GB: The Republicans now have control of both legislative houses, the statehouse and the courthouse. They have also succeeded in creating a budget shortfall of at least $5 billion by their huge tax cuts for businesses last session, which were promised to produce an economic boon, but haven't. Obviously, there is no money in the budget to provide adequate funds for public education, transportation and mobility, or CHIP and other health and health insurance services. Having depleted the surplus with business tax cuts, the Republicans are going to have to propose ways to address these serious social issues within the budgetary constraints they have created. Democrats will seek to work cooperative with Republicans to address these problems, but it will be up to Republicans in the first instance to propose solutions, especially since their agenda and priorities have created the financial mess which makes solving the problems so daunting a task. We can say some things however; there clearly is no money in the budget to fund a voucher system any time in the foreseeable future and it would be a waste of limited resources under the circumstances to fund a "pilot" or experimental program which we could not afford to implement fully even if the pilot proved to be successful. We must find a way to provide meaningful tuition assistance to Texans wanting to go to college (especially minorities) or else among other problems, businesses will not relocate here, for want of a suitably educated work force. Republicans need to persuade Texas' Republican federal legislators to get Texas its fair share of federal funds for transportation and mobility, and until mobility problems can be solved, projects like Bayport must be delayed, so the transportation crisis is not worsened. Medical costs are so high because we focus exclusively on crises intervention (treatment after a condition has deteriorated to major proportions) rather than intervening at earlier stages and opportunities (prevention); this is the result of so many Texans not having health care coverage. The home insurance crisis requires regulations prohibiting credit qualification for coverage, an elected commissioner of insurance, anti-cherry-picking legislation, longer notice times before insurance can be non-renewed en masse, limits on annual premium increases (like on ad valorem taxes) and other regulatory adjustments. The property tax problem can only be solved by closing the loopholes which allow partnerships and "offshore" corporations to avoid paying their fair share of taxes in this state, if they are really doing business here and using resources here.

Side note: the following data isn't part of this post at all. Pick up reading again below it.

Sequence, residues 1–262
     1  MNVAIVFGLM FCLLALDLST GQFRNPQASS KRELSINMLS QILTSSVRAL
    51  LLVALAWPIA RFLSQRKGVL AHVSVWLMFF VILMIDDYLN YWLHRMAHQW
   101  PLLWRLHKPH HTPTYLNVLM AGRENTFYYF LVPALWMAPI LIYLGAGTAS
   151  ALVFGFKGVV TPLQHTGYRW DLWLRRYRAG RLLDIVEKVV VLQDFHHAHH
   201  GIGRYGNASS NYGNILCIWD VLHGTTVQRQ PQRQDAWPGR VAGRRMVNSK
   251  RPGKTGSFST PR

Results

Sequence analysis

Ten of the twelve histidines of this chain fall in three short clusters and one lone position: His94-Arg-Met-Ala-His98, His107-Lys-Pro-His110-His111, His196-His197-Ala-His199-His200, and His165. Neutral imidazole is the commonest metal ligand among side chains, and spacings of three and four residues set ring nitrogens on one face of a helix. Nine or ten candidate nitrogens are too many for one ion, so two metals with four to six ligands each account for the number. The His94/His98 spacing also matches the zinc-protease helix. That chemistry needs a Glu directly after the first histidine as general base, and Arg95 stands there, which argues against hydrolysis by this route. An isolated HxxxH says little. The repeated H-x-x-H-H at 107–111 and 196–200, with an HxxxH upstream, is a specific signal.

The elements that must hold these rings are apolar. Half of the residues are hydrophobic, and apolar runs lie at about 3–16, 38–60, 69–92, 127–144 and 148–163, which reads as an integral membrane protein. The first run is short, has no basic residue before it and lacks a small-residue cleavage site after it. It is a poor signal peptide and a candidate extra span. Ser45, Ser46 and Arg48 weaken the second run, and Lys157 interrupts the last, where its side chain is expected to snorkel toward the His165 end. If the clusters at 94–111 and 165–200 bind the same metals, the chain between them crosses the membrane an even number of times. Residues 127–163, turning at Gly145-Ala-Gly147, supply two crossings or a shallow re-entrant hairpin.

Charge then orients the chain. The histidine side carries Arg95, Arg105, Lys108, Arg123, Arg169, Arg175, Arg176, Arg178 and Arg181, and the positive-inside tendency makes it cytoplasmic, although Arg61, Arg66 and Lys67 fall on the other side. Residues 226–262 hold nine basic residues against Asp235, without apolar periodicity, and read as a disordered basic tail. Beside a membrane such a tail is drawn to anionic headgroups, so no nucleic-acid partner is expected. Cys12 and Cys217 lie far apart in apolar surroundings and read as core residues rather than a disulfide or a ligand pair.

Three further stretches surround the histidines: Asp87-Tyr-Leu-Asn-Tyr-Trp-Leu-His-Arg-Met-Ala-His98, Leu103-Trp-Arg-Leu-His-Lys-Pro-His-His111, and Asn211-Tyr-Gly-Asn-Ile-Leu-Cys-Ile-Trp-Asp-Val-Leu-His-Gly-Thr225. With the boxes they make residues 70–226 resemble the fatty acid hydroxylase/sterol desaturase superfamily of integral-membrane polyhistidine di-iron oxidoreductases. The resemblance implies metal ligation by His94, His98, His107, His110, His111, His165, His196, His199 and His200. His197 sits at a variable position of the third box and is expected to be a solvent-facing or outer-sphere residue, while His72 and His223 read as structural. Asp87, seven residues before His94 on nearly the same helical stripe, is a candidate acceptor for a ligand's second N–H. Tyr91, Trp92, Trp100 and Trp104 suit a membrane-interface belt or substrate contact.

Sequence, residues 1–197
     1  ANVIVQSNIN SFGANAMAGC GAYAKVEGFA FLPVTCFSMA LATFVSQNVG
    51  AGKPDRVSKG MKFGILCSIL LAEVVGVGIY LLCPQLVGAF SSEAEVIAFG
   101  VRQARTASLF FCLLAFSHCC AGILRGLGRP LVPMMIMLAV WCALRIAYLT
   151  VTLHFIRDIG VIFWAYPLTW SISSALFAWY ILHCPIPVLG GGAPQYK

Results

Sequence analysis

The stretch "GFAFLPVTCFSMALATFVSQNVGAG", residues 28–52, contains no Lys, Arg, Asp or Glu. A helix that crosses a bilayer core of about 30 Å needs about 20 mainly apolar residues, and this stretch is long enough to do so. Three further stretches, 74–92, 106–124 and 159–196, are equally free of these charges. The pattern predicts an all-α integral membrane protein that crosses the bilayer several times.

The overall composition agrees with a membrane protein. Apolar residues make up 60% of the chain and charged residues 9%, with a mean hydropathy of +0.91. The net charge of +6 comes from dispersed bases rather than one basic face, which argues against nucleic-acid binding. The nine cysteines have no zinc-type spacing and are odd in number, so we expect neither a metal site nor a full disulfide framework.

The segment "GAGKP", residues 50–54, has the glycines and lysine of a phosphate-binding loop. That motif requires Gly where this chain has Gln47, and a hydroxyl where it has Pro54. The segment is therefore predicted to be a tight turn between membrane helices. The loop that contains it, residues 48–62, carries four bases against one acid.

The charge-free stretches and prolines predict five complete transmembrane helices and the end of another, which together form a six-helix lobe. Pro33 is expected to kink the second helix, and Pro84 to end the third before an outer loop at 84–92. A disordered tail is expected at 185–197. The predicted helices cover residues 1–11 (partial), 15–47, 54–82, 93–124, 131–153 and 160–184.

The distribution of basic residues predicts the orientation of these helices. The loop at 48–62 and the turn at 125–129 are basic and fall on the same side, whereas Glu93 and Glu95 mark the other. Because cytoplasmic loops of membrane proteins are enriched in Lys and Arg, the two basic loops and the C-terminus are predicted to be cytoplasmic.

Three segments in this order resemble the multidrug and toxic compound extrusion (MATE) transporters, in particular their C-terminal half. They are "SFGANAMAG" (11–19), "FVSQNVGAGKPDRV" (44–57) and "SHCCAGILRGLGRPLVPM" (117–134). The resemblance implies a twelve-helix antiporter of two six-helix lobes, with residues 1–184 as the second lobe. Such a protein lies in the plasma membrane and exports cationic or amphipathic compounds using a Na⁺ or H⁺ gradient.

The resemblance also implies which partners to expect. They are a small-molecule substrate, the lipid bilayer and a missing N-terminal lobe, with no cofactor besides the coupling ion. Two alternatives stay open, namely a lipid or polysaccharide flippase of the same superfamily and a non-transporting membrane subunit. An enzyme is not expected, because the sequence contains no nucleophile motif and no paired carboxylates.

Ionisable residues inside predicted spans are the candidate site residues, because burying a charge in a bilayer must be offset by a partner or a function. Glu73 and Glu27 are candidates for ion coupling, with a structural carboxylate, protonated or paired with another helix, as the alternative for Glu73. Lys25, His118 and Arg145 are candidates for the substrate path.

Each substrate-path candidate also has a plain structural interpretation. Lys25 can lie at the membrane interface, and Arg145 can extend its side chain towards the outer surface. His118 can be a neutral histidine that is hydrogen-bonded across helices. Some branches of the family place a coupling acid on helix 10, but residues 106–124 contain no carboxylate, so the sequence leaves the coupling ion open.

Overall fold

TCR: Looking toward 2004, who should the Democrats look to lead them in Texas and nationally?